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erl_connect(3)		      C	Library	Functions		erl_connect(3)

NAME
       erl_connect - Communicate with distributed Erlang.

DESCRIPTION
       This  module provides support for communication between distributed Er-
       lang nodes and C-nodes, in a manner that	is transparent to Erlang  pro-
       cesses.

       A  C-node appears to Erlang as a	hidden node. That is, Erlang processes
       that know the name of the C-node	can communicate	with it	 in  a	normal
       manner,	but  the  node name does not appear in the listing provided by
       erlang:nodes/0 in ERTS.

EXPORTS
       int erl_accept(listensock, conp)

	      Types:

		 int listensock;
		 ErlConnect *conp;

	      This function is used by a server	process	to accept a connection
	      from a client process.

		* listensock  is  an  open socket descriptor on	which listen()
		  has previously been called.

		* conp is a pointer to an ErlConnect struct, described as fol-
		  lows:

	      typedef struct {
		char ipadr[4];
		char nodename[MAXNODELEN];
	      }	ErlConnect;

	      On  success, conp	is filled in with the address and node name of
	      the connecting client and	a  file	 descriptor  is	 returned.  On
	      failure, ERL_ERROR is returned and erl_errno is set to EIO.

       int erl_close_connection(fd)

	      Types:

		 int fd;

	      Closes an	open connection	to an Erlang node.

	      Fd is a file descriptor obtained from erl_connect() or erl_xcon-
	      nect().

	      Returns 0	on success. If the call	fails, a non-zero value	is re-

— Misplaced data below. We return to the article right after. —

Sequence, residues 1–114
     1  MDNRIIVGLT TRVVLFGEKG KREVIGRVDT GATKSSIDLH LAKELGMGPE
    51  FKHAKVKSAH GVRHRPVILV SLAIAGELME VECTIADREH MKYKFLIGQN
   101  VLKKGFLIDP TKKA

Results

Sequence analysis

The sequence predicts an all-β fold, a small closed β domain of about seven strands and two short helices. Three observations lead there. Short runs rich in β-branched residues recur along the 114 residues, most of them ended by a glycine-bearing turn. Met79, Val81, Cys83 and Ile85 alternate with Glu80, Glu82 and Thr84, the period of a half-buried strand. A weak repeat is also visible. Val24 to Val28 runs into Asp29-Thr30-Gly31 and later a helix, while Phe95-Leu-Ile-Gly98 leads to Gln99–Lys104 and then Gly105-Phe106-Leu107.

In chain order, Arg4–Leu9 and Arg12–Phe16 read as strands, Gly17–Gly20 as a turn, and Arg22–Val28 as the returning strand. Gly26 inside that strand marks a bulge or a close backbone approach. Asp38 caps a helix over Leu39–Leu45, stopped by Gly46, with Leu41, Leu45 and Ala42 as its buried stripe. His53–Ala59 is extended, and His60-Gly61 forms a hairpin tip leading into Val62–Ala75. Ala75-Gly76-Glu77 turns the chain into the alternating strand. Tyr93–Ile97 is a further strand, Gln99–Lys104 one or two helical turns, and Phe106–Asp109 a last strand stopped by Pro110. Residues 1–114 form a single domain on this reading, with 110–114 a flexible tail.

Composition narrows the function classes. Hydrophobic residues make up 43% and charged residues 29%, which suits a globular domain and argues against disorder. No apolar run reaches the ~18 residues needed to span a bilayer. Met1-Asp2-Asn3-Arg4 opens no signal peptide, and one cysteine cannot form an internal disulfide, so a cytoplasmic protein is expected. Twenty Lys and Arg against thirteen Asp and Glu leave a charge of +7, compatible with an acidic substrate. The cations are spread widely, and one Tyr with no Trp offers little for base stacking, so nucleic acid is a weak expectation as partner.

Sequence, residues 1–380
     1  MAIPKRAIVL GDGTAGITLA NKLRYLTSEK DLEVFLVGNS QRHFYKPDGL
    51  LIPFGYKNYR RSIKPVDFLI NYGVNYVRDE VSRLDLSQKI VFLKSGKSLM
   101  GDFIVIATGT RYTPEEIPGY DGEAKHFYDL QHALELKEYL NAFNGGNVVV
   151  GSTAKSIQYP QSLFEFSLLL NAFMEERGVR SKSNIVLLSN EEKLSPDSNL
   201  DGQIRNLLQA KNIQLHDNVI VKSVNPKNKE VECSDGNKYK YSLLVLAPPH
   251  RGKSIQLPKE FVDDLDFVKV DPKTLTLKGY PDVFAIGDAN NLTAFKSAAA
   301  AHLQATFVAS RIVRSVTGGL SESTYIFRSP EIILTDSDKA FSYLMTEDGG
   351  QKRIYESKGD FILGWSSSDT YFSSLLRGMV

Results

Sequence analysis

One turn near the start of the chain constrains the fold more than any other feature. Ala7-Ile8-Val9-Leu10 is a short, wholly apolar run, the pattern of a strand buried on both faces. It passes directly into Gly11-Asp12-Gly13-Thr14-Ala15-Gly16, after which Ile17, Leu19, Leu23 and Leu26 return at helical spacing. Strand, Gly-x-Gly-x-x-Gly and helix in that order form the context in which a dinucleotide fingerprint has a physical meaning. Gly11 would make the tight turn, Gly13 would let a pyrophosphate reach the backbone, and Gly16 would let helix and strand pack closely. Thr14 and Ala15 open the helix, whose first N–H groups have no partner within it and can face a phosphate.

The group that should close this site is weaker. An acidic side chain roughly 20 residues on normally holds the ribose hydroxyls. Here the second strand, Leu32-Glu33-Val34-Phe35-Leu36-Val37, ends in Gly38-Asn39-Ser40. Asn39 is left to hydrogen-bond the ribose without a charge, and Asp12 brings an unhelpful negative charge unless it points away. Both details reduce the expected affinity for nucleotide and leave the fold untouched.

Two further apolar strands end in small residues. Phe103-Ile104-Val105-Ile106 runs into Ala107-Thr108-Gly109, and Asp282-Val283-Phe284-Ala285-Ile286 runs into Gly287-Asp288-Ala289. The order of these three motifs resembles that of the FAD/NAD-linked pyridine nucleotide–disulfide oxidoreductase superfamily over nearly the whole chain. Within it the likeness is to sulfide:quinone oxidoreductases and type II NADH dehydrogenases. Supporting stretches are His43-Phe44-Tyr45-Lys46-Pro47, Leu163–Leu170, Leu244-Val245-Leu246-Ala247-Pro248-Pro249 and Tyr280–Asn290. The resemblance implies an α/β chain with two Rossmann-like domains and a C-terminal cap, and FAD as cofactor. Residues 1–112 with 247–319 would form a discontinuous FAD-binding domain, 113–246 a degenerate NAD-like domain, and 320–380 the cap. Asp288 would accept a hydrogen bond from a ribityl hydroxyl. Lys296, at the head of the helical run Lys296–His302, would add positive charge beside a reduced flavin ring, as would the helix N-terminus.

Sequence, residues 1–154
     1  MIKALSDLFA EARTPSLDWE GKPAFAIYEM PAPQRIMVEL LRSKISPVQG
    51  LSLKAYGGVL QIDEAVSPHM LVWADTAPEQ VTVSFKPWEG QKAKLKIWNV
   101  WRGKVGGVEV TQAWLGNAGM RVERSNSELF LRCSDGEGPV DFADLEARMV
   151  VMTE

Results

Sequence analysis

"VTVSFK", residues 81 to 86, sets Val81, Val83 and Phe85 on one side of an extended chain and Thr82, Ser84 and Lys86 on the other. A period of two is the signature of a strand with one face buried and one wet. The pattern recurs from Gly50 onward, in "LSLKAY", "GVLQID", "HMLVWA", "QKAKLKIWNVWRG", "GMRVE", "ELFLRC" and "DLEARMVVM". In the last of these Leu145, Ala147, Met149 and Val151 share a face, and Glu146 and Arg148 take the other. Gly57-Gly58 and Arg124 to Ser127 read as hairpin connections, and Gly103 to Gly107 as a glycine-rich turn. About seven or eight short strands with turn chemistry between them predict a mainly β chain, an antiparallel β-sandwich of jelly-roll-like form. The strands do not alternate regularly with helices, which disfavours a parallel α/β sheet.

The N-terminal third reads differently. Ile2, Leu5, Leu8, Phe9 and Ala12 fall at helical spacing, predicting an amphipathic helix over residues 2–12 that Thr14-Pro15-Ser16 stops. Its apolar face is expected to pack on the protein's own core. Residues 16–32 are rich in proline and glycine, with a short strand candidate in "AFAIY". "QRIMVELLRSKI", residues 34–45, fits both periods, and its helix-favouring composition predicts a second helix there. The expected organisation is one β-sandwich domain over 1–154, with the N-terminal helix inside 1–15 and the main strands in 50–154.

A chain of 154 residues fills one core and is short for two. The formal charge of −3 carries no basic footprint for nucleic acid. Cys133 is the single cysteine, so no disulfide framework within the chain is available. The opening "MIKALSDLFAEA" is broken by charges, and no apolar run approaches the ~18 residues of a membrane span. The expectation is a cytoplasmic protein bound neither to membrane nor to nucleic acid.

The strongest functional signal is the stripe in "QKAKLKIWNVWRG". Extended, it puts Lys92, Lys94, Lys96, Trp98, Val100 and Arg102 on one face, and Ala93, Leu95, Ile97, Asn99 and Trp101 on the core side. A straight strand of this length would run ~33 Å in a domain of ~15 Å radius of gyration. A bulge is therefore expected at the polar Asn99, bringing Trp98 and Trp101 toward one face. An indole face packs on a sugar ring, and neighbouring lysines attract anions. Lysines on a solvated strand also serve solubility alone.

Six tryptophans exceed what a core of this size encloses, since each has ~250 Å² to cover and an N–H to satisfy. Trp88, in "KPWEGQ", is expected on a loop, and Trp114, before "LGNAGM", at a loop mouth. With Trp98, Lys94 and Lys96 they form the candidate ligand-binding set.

turned,  and  the	 reason	for the	error can be obtained with the
	      appropriate platform-dependent call.

       int erl_connect(node)
       int erl_xconnect(addr, alive)

	      Types:

		 char *node, *alive;
		 struct	in_addr	*addr;

	      Sets up a	connection to an Erlang	node.

	      erl_xconnect() requires the IP address of	the  remote  host  and
	      the  alivename of	the remote node	to be specified. erl_connect()
	      provides an alternative interface, and determines	 the  informa-
	      tion from	the node name provided.

		* addr is the 32-bit IP	address	of the remote host.

		* alive	is the alivename of the	remote node.

		* node is the name of the remote node.

	      Returns an open file descriptor on success, otherwise a negative
	      value. In	the latter case	erl_errno is set to one	of:

		EHOSTUNREACH:
		  The remote host node is unreachable.

		ENOMEM:
		  No more memory is available.

		EIO:
		  I/O error.

	      Also, errno values from socket(2)	and  connect(2)	 system	 calls
	      can be propagated	into erl_errno.

	      Example:

	      #define NODE   "madonna@chivas.du.etx.ericsson.se"
	      #define ALIVE  "madonna"
	      #define IP_ADDR "150.236.14.75"

	      /*** Variant 1 ***/
	      erl_connect( NODE	);

	      /*** Variant 2 ***/
	      struct in_addr addr;
	      addr = inet_addr(IP_ADDR);
	      erl_xconnect( &addr , ALIVE );

       int erl_connect_init(number, cookie, creation)
       int erl_connect_xinit(host, alive, node,	addr, cookie, creation)

	      Types:

		 int number;
		 char *cookie;
		 short creation;
		 char *host,*alive,*node;
		 struct	in_addr	*addr;

	      Initializes  the	erl_connect module. In particular, these func-
	      tions are	used to	identify the name of  the  C-node  from	 which
	      they  are	 called.  One of these functions must be called	before
	      any of the other functions in the	erl_connect module are used.

	      erl_connect_xinit() stores for later use information about:

		* Hostname of the node,	host

		* Alivename, alive

		* Node name, node

		* IP address, addr

		* Cookie, cookie

		* Creation number, creation

	      erl_connect_init() provides an alternative interface  that  does
	      not  require  as	much  information  from	 the  caller. Instead,
	      erl_connect_init() uses gethostbyname() to obtain	 default  val-
	      ues.

	      If you use erl_connect_init(), your node will have a short name,